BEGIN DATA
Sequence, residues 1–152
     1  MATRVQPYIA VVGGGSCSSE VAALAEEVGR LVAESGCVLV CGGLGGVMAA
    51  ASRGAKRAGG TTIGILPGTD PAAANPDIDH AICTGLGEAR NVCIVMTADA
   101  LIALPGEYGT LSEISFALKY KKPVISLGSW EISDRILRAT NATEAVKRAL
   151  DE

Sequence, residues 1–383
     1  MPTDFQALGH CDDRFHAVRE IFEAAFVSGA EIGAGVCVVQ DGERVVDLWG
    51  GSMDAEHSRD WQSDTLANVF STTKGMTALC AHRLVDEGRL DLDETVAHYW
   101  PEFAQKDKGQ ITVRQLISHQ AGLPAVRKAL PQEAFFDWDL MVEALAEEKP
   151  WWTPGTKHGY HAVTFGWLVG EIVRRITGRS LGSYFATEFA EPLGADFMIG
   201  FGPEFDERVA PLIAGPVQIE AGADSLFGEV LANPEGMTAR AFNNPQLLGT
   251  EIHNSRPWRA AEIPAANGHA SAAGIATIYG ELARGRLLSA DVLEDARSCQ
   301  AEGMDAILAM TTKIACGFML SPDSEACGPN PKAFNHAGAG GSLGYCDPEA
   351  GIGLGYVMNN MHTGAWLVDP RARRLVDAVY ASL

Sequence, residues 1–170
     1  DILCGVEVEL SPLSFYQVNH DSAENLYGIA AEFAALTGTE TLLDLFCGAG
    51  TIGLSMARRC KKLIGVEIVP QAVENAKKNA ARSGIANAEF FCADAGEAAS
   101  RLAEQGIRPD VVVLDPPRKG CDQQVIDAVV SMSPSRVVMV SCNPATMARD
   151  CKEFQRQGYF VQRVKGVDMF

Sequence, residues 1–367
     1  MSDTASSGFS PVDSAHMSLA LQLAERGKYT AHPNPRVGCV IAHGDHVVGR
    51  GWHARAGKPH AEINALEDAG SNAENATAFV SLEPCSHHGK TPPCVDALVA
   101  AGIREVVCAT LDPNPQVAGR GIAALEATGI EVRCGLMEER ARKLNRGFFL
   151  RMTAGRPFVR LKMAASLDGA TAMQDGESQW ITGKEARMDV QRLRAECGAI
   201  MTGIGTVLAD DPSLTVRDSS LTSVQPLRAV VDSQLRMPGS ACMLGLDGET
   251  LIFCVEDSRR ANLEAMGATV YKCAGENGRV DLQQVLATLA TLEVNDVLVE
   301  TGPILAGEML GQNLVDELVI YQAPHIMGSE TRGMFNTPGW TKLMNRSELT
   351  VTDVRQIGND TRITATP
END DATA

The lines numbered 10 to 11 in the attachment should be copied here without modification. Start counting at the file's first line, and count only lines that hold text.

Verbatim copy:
   151  WWTPGTKHGY HAVTFGWLVG EIVRRITGRS LGSYFATEFA EPLGADFMIG
   201  FGPEFDERVA PLIAGPVQIE AGADSLFGEV LANPEGMTAR AFNNPQLLGT